Browsing by Subject "PARTICLE-PHASE CHEMISTRY"

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  • Yli-Juuti, Taina; Pajunoja, Aki; Tikkanen, Olli-Pekka; Buchholz, Angela; Faiola, Celia; Väisänen, Olli; Hao, Liqing; Kari, Eetu; Peräkylä, Otso; Garmash, Olga; Shiraiwa, Manabu; Ehn, Mikael; Lehtinen, Kari; Virtanen, Annele (2017)
    Secondary organic aerosols (SOA) forms a major fraction of organic aerosols in the atmosphere. Knowledge of SOA properties that affect their dynamics in the atmosphere is needed for improving climate models. By combining experimental and modeling techniques, we investigated the factors controlling SOA evaporation under different humidity conditions. Our experiments support the conclusion of particle phase diffusivity limiting the evaporation under dry conditions. Viscosity of particles at dry conditions was estimated to increase several orders of magnitude during evaporation, up to 10(9)Pas. However, at atmospherically relevant relative humidity and time scales, our results show that diffusion limitations may have a minor effect on evaporation of the studied -pinene SOA particles. Based on previous studies and our model simulations, we suggest that, in warm environments dominated by biogenic emissions, the major uncertainty in models describing the SOA particle evaporation is related to the volatility of SOA constituents.
  • Shrivastava, Manish; Cappa, Christopher D.; Fan, Jiwen; Goldstein, Allen H.; Guenther, Alex B.; Jimenez, Jose L.; Kuang, Chongai; Laskin, Alexander; Martin, Scot T.; Ng, Nga Lee; Petäjä, Tuukka; Pierce, Jeffrey R.; Rasch, Philip J.; Roldin, Pontus; Seinfeld, John H.; Shilling, John; Smith, James N.; Thornton, Joel A.; Volkamer, Rainer; Wang, Jian; Worsnop, Douglas R.; Zaveri, Rahul A.; Zelenyuk, Alla; Zhang, Qi (2017)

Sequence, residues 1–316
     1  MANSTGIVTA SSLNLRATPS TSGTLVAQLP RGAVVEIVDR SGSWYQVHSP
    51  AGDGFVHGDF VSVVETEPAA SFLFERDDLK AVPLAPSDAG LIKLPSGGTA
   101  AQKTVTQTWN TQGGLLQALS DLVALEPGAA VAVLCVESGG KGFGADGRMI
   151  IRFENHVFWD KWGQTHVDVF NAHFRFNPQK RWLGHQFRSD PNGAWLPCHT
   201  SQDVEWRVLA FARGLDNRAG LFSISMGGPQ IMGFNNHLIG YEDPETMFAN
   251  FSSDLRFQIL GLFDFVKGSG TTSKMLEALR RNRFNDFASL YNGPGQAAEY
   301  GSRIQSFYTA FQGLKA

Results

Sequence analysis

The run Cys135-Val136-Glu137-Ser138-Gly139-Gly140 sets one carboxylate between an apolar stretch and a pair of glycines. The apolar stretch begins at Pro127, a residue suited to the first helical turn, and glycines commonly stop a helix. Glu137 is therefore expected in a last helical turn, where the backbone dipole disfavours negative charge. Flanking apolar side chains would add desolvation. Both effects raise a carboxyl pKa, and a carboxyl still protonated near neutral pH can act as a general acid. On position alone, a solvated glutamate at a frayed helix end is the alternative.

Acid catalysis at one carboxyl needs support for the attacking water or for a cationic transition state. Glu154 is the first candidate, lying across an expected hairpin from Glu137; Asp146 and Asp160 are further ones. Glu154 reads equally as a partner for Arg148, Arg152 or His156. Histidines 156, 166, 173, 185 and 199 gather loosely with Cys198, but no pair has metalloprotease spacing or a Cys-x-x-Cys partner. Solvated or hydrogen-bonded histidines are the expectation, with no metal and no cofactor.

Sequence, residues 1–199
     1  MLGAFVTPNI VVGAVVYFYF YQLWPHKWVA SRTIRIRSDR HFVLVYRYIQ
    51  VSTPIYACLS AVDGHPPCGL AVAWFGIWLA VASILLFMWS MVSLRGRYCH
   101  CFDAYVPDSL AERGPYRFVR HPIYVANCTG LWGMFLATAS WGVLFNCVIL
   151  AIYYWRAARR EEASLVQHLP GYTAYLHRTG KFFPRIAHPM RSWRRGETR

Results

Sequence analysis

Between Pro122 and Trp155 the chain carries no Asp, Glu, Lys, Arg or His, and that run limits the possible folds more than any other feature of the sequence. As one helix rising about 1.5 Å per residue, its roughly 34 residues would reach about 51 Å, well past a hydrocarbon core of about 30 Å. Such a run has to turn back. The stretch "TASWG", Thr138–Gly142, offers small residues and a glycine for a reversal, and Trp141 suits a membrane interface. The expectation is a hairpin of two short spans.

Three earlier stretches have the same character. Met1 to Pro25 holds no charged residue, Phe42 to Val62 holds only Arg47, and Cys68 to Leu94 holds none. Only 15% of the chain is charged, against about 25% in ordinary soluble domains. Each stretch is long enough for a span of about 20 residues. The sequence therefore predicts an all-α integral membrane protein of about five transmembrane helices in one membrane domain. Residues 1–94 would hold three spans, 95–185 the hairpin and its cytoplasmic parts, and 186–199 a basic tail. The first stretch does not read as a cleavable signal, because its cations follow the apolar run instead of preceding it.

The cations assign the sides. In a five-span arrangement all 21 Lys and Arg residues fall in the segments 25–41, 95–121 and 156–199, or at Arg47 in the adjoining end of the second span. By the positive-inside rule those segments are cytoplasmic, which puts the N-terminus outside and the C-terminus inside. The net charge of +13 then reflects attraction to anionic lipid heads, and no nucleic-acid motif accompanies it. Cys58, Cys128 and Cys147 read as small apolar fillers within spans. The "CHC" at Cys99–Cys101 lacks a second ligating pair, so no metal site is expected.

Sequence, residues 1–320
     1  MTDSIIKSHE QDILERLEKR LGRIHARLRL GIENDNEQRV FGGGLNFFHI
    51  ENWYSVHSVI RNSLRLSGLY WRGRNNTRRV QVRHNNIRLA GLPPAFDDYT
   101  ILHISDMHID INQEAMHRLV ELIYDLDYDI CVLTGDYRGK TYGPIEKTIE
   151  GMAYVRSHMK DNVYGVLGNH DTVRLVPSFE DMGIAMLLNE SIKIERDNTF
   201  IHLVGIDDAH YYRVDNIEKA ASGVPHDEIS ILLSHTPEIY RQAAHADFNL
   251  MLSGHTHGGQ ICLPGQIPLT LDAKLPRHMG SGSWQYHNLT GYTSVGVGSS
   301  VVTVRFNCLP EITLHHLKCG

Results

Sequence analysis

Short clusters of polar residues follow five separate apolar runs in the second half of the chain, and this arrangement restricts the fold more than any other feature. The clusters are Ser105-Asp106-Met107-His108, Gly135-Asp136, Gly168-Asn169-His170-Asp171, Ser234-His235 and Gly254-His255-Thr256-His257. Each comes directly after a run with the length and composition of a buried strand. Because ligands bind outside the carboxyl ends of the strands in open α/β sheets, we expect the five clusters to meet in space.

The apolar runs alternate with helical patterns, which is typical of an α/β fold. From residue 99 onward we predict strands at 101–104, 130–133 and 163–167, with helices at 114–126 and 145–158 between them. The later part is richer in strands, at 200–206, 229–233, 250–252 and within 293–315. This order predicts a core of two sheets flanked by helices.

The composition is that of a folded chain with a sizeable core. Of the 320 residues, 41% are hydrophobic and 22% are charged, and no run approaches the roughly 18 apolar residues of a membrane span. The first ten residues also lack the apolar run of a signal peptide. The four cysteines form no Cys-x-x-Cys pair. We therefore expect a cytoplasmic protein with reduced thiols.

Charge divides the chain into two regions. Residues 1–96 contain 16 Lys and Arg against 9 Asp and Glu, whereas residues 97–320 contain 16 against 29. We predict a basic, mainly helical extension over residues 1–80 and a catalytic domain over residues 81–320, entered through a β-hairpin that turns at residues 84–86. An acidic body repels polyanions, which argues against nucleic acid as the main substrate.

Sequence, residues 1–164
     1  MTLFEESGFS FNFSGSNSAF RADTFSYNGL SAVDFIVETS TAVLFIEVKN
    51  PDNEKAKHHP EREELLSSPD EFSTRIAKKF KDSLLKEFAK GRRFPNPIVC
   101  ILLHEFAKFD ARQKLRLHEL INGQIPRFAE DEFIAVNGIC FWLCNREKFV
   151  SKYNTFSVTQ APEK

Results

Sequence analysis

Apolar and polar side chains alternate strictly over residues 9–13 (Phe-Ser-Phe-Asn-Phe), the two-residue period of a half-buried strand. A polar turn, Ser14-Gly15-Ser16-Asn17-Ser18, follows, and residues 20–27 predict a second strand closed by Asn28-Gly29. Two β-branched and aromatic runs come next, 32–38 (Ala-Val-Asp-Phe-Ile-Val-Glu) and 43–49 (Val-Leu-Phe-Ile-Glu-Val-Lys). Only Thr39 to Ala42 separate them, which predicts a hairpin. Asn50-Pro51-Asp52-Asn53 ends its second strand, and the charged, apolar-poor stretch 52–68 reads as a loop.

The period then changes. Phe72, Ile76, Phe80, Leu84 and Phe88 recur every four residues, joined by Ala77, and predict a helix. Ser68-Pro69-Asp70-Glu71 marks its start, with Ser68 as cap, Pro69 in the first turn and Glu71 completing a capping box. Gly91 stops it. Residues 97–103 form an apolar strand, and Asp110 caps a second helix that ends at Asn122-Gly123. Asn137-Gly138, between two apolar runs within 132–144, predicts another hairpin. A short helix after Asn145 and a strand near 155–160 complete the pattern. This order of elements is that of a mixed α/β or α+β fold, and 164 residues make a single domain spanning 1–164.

Anthropogenic emissions and land use changes have modified atmospheric aerosol concentrations and size distributions over time. Understanding preindustrial conditions and changes in organic aerosol due to anthropogenic activities is important because these features (1) influence estimates of aerosol radiative forcing and (2) can confound estimates of the historical response of climate to increases in greenhouse gases. Secondary organic aerosol (SOA), formed in the atmosphere by oxidation of organic gases, represents a major fraction of global submicron-sized atmospheric organic aerosol. Over the past decade, significant advances in understanding SOA properties and formation mechanisms have occurred through measurements, yet current climate models typically do not comprehensively include all important processes. This review summarizes some of the important developments during the past decade in understanding SOA formation. We highlight the importance of some processes that influence the growth of SOA particles to sizes relevant for clouds and radiative forcing, including formation of extremely low volatility organics in the gas phase, acid-catalyzed multiphase chemistry of isoprene epoxydiols, particle-phase oligomerization, and physical properties such as volatility and viscosity. Several SOA processes highlighted in this review are complex and interdependent and have nonlinear effects on the properties, formation, and evolution of SOA. Current global models neglect this complexity and nonlinearity and thus are less likely to accurately predict the climate forcing of SOA and project future climate sensitivity to greenhouse gases. Efforts are also needed to rank the most influential processes and nonlinear process-related interactions, so that these processes can be accurately represented in atmospheric chemistry-climate models. Plain Language Summary Secondary organic aerosol (SOA), formed in the atmosphere by oxidation of organic gases, often represents a major fraction of global submicron-sized atmospheric organic aerosol. Myriad processes affect SOA formation, several of which relate to interactions between natural biogenic emissions and predominantly anthropogenic species such as SO2, NOx, sulfate, nitrate, and ammonium. Many of these key processes are nonlinear and can be synergistic or act to compensate each other in terms of climate forcing. Current atmospheric chemistry-climate models mostly do not treat these processes. We highlight a number of process-level mechanisms related to the interactions between anthropogenic and biogenic SOA precursors, for which the corresponding impacts on the radiative effects of SOA need to be investigated in atmospheric chemistry-climate models. Ultimately, climate models need to capture enough important features of the chemical and dynamic evolution of SOA, in terms of both aerosol number and aerosol mass, as a function of atmospheric variables and anthropogenic perturbations to reasonably predict the spatial and temporal distributions of SOA. A better understanding of SOA formation mechanisms and physical properties is needed to improve estimates of the extent to which anthropogenic emissions and land use changes have modified global aerosol concentrations and size distributions since preindustrial times.